Nipple Discharge

Nipple discharge is the discharge of fluid from the breast unilaterally or bilaterally, except during pregnancy and lactation. Nipple discharge can occur normally (physiologically) or it can be a symptom of a wide variety of diseases. Physiological nipple discharge can occur during pregnancy and lactation, as well as as a result of stress, excessive physical exercise, overstimulation of the breast, or irritation caused by an unfitting bra. It may also be associated with menstrual hormone changes and fibrocystic changes. Milky discharge after breastfeeding normally affects both breasts and can persist for up to two or three years after you stop breastfeeding.
Each human breast has between 15 and 20 milk ducts. Nipple discharge may be caused by one or more of these milk ducts. Nipple discharge is the third most common breast complaint after breast pain and breast mass. Nipple discharge can be seen in 50-80% of women of reproductive age. Most nipple discharges are associated with benign diseases (97%). But it needs to be evaluated by a Breast Surgeon to be sure. When there is nipple discharge in men, a physician should be consulted and investigated.
Some women who are worried about nipple discharge may actually be making the problem worse by squeezing the breast while trying to control the discharge. In order to prevent this, it will be useful to leave the breast alone for a while without squeezing and to monitor whether the flow will continue.
It is very important whether nipple discharge is spontaneous (without squeezing the nipple or putting pressure on the breast) or provocative (after squeezing the nipple or applying pressure to the breast). Nipple discharges that are considered pathological are spontaneous discharges. In addition, this type of discharge usually originates from a single breast. This type of nipple discharge is often caused by a benign breast disease.
However, it should not be ignored that it may also be associated with breast cancer, especially in the following cases:
Patients older than 40 years,
If the current is one-sided,
If it happens spontaneously,
If it is clear like water or bloody,
If the mass accompanies,
Possible causes of pathological nipple discharge are:
Galactorrhea: It is the milk coming out of the breast outside the pregnancy and lactation period. Since the discharge has the appearance of milk, it is not difficult to distinguish it from other causes. It is a spontaneous discharge from both breasts and many ducts. It is caused by an increase in the hormone Prolactin secreted from the pituitary gland. This increase may develop due to a prolactin-secreting adenoma in the pituitary gland. Some drugs can also cause high prolactin. These include oral contraceptives (birth control pills), hormonal drugs used in hormone replacement therapy, anti-nausea drugs, antidepressants, and drugs used to treat psychiatric disorders. In addition, some herbs such as anise and fennel and stimulants such as cocaine and marijuana can also cause high prolactin levels.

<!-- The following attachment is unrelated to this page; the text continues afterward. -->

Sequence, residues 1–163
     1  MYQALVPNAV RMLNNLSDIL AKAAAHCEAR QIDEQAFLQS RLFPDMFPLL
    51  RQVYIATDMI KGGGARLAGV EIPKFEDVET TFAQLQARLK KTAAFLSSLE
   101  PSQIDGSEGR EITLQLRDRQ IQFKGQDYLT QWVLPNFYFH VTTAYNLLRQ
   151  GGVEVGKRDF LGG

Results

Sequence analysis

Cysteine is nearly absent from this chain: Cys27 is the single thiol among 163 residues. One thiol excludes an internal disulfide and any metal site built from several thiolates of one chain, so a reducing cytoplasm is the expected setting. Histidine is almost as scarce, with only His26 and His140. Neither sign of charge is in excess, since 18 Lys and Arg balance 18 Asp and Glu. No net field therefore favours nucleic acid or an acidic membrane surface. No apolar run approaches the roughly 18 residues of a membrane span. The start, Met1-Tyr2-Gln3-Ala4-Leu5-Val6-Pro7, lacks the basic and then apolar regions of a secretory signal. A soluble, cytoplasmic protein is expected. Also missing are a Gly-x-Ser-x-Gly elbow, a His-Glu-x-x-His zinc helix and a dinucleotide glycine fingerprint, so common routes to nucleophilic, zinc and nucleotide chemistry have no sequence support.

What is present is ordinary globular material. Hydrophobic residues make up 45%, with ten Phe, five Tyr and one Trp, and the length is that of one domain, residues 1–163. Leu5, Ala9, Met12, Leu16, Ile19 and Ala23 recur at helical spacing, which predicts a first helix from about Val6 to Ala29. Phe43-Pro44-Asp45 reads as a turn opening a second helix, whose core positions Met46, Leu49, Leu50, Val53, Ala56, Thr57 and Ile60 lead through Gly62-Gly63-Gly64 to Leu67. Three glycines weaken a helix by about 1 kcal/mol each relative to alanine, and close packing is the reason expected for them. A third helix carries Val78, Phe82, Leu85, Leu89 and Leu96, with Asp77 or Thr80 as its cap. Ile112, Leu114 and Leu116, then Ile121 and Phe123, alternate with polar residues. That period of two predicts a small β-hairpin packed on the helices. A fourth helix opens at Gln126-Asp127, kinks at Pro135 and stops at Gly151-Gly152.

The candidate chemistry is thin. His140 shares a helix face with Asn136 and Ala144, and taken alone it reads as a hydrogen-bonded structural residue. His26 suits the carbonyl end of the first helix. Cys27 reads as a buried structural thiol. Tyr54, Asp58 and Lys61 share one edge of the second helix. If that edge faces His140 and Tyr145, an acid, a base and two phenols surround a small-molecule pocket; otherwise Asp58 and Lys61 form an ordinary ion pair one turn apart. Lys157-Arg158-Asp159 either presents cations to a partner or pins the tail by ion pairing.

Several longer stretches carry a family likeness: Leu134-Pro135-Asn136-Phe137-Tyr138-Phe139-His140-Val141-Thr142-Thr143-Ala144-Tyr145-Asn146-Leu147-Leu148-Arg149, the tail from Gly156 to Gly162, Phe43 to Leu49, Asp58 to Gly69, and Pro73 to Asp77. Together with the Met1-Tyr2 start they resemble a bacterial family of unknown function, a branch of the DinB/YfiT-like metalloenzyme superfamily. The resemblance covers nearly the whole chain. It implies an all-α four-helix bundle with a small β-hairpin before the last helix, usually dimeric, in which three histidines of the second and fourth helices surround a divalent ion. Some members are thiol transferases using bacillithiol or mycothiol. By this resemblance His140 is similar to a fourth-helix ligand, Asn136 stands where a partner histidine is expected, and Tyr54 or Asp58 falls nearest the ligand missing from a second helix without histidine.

Intraductal papilloma: They are benign, wart-like lesions that develop in the milk duct, usually close to the nipple. It may cause a clear or bloody nipple discharge. It is the most common cause of bloody nipple discharge. The discharge is usually unilateral and originates from a single channel. It is sometimes detectable by breast ultrasonography, but can be difficult to diagnose safely with needle biopsy. Its treatment is the surgical removal of the milk duct in which it is located.
Ductal ectasia (Ductal ectasia): It is a benign condition in which the milk ducts under the nipple are enlarged and there is inflammation in the walls of the ducts. It is one of the most common causes of spontaneous nipple discharge. The discharge caused by duct ectasia is usually yellow, green, or brown, coming from both breasts and more than one duct. In most cases, no treatment is needed. If the discharge is bothersome, the ducts behind the nipple can be surgically removed.
Fibrocystic changes: In addition to causing pain and itching, fibrocystic breast changes can occasionally cause the secretion of clear, white, yellow or green colored nipple discharge. The discharge is usually from both breasts.
Breast cancer: It is one of the rare causes of nipple discharge. Less than 5% of women with breast cancer have nipple discharge, and many of these women also have other signs of breast cancer in addition to nipple discharge, such as a mass, breast skin depression, or newly developed nipple retraction. Discharges due to breast cancer are usually dark colored and unilateral discharges because they are bloody or contain blood.

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